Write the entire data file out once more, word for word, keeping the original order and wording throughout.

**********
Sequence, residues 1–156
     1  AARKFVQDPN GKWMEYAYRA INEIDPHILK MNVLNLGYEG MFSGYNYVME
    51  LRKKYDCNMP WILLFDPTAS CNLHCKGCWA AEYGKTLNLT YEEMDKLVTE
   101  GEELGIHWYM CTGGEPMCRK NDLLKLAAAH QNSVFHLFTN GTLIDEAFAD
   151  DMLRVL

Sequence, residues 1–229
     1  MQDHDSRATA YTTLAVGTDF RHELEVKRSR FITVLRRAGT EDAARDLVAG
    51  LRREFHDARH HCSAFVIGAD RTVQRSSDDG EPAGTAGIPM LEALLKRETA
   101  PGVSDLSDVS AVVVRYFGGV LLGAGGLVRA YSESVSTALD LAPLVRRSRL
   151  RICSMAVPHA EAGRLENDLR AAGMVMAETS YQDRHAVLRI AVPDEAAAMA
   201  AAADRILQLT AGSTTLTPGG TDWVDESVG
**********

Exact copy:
Sequence, residues 1–156
     1  AARKFVQDPN GKWMEYAYRA INEIDPHILK MNVLNLGYEG MFSGYNYVME
    51  LRKKYDCNMP WILLFDPTAS CNLHCKGCWA AEYGKTLNLT YEEMDKLVTE
   101  GEELGIHWYM CTGGEPMCRK NDLLKLAAAH QNSVFHLFTN GTLIDEAFAD
   151  DMLRVL

Sequence, residues 1–229
     1  MQDHDSRATA YTTLAVGTDF RHELEVKRSR FITVLRRAGT EDAARDLVAG
    51  LRREFHDARH HCSAFVIGAD RTVQRSSDDG EPAGTAGIPM LEALLKRETA
   101  PGVSDLSDVS AVVVRYFGGV LLGAGGLVRA YSESVSTALD LAPLVRRSRL
   151  RICSMAVPHA EAGRLENDLR AAGMVMAETS YQDRHAVLRI AVPDEAAAMA
   201  AAADRILQLT AGSTTLTPGG TDWVDESVG